Tips for Healthy and Stress-Free Holiday Travel

By Victoria Ann Diaz
Victoria Ann Diaz
Victoria Ann Diaz
November 22, 2014 Updated: June 24, 2015

Over the river and through the woods, people will be heading off to visit family and friends for the holidays between now and New Year’s Day.

According to the Department of Transportation, Thanksgiving, Christmas, and New Year’s are among the busiest travel days of the year. The AAA estimates that 94.5 million people will travel during the holidays, with 85.5 million taking trips via a personal vehicle and 5.53 million by air.

Highway rest stops, bus stations, train stations, and airports will be crowded with holiday travelers. Making your way to visit family or friends can be a challenge during this busy time of year, especially if there are little ones, teens, and young adults in tow.

Here are some easy tips to help you get there in a healthy and stress-free way.

Article Quote: Tips for Healthy and Stress-Free Holiday Travel

Preparation and Planning

Make a checklist for each family member with the items that you need to pack: clothing, snacks, reading material, and so on. Pack the night before, and don’t over-pack; you can always do laundry at your vacation destination if need be.

Keep any medications and allergy sprays in your carry-on, so that you can access them quickly if you need to.

Get plenty of rest the night before your travel, and always check your local weather and your destination weather for all possible travel delays.

If driving, remember to take your car in for a tune-up, oil change, and break check ahead of time. And if flying, learn about baggage restrictions before you pack and arrive to the airport with plenty of time to spare.

Being well prepared for your travel will help you minimize stress. Use stress management techniques like listening to music, reading a book or magazine, or mindful meditation to stay relaxed as well.

Travel Fatigue

Avoid travel fatigue by staying hydrated. Staying away from caffeine and alcohol will also help if you are prone to headaches and body aches while traveling. If you don’t like drinking plain water, try adding a twist of orange, lemon, lime, or berries to it.

Bring healthy snacks like fruit, dried fruit, nuts, and seeds. These are a great source of energy, with fiber, protein, vitamins, and minerals to keep you energized and full.

Keep your circulation moving while traveling, no mater if you are in a car, plane, train, or bus. When you’re able, get up and stretch with a walk down the aisle or just stretch in your seat: Reach your arms above your head, twist your waist from side to side, or extend the legs out.

Immobility for long periods of time, especially for those with chronic medical conditions, can bring the risk of blood clots. Be sure to consult with your physician before traveling if you have any concerns.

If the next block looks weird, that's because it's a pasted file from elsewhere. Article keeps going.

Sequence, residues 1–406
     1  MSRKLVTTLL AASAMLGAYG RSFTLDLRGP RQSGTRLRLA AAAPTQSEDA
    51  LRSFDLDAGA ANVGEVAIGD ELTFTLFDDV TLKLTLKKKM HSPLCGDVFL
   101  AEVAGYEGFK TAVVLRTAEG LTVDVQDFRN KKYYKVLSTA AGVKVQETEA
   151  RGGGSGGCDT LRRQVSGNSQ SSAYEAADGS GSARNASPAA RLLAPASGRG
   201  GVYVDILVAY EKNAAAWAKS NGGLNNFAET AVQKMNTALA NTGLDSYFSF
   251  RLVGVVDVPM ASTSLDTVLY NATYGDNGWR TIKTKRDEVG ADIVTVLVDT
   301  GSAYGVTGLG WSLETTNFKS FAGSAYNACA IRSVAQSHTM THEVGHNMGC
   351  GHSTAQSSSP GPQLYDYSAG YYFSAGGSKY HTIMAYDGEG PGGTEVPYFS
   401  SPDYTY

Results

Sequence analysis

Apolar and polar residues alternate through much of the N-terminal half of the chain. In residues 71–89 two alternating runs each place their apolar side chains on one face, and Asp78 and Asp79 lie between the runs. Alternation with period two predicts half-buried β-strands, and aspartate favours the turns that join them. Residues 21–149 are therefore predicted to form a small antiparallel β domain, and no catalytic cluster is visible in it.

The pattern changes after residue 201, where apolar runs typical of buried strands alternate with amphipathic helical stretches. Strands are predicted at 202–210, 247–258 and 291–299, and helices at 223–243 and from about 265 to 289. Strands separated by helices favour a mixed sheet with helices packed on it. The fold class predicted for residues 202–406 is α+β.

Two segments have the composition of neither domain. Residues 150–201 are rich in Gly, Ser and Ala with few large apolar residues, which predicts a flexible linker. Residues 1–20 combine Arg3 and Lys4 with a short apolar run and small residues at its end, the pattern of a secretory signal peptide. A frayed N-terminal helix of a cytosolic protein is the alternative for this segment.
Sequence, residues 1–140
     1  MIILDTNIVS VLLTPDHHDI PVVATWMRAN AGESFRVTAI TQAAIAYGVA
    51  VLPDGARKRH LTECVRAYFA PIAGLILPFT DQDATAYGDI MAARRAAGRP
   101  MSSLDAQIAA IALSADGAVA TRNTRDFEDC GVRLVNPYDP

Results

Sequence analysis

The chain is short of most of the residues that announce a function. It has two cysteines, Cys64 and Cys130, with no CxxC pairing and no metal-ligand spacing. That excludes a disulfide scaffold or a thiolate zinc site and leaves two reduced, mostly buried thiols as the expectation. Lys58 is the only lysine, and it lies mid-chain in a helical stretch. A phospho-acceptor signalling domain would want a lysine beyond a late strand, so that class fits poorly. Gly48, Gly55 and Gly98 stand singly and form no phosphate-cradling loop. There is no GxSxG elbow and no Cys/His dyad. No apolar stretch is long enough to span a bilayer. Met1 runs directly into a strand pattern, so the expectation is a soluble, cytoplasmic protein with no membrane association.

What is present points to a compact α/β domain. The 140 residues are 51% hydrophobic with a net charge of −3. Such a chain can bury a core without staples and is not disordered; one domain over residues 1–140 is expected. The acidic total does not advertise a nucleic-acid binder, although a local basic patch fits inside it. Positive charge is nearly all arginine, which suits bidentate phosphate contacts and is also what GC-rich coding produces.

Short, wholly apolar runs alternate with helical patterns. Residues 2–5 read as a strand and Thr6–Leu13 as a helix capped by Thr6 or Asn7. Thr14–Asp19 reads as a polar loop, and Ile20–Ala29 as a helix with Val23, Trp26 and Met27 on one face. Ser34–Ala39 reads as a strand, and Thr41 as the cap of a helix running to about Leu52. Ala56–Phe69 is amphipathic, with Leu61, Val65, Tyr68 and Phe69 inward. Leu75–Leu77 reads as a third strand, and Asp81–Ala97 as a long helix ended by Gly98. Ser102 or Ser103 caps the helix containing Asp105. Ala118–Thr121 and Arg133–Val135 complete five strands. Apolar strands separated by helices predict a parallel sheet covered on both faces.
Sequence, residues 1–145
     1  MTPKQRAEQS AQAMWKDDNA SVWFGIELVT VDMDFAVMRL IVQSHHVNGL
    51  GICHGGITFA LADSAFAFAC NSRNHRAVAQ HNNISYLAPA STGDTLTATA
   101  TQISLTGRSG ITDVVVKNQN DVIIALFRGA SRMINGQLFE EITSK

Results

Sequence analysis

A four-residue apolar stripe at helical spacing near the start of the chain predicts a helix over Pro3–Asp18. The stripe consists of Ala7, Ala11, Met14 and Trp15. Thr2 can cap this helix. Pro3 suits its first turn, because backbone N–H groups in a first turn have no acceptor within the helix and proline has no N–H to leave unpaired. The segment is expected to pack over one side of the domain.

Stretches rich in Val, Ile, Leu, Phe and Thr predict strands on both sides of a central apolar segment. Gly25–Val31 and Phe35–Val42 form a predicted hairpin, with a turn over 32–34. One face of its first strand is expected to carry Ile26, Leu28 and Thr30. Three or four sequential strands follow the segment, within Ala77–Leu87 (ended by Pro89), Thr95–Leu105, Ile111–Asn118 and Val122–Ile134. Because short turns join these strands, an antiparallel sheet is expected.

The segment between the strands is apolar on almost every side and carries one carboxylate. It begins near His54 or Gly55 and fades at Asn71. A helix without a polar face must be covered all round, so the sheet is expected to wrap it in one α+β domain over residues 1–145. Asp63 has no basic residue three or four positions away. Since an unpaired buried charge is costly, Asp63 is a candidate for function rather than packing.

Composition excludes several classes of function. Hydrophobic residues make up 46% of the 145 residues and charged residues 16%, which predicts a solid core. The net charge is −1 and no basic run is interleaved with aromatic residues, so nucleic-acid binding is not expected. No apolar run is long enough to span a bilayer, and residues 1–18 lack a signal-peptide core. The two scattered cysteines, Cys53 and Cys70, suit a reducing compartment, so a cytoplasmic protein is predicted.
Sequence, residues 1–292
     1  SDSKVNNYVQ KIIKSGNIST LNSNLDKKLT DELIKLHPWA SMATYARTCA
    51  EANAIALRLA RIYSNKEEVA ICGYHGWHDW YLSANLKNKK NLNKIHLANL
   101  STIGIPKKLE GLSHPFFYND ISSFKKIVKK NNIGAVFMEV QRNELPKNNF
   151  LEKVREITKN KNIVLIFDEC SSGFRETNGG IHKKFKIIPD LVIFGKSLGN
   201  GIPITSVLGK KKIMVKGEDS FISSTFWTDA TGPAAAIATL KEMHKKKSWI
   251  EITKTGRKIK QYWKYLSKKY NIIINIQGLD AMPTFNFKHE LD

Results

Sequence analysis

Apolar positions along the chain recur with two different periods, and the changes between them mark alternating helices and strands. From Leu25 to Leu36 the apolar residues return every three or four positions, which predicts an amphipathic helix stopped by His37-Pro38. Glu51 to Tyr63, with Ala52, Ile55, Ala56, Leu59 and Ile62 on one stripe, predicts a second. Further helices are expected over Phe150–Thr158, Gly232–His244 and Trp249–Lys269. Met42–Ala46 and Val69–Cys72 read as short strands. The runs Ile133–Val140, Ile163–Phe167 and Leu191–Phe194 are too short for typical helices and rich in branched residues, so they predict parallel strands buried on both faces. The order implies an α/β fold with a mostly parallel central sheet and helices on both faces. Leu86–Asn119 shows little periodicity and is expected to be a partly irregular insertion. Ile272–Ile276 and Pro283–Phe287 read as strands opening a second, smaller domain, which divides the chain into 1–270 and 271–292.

Staying Healthy

Before your trip and heading into crowded travel hubs, boost your immune system with supplements such as zinc, echinacea, astragalus, ginseng, goldenseal, and elderberry. Also, be sure to dress comfortably when traveling.

If you are prone to motion sickness, take your over-the-counter medication or remedy before your drive or flight. Conventional treatments such as Bonine or Dramamine can be found in any grocery or drug store. Alternatively, try homeopathic remedies such as Cocculus indicus, tabacum, and ipecacuanha, which can be found at your local health food market.

Bring some sugarless ginger chews or a chewable papaya enzyme supplements for bloating and gas, as indigestion may amplify if you are nervous about travel.

The dry, recycled air in the car, bus, train, or plane can also aggravate allergy sensitivities. Keep sinuses moist and free of allergens by using a nasal saline spray.

Traveling With Children

If you are traveling with children, get them involved in preparing for the trip. Have them help you make a checklist of things they would like to keep themselves entertained (books, music, games, cards). Make sure everyone understands what the trip will involve (car, train, bus, plane) and what to expect.

Dress your children comfortably in layers that can easily be removed if they get too hot, and encourage them to take breaks, go to the bathroom, or just stretch their legs. Alternatively, consider driving or flying at night so the kids can sleep most of the trip.

Have plenty of healthy snacks on hand and make sure everyone stays hydrated with water. Avoid the sugar highs and crashes by staying away from soda and juices. Most importantly, do your best to stay calm and be flexible.

The holidays are about enjoying and being grateful for the love and company of others. Have a wonderful, safe, stress-free, and healthy holiday trip.

Victoria Ann Diaz is a certified integrative health and life coach and graduate of the Institute for Integrative Nutrition. In her Life Balance Health Coach practice, she supports clients with a mindful-living approach to health and wellness. For more information, visit

*Image of “winter travel” via Shutterstock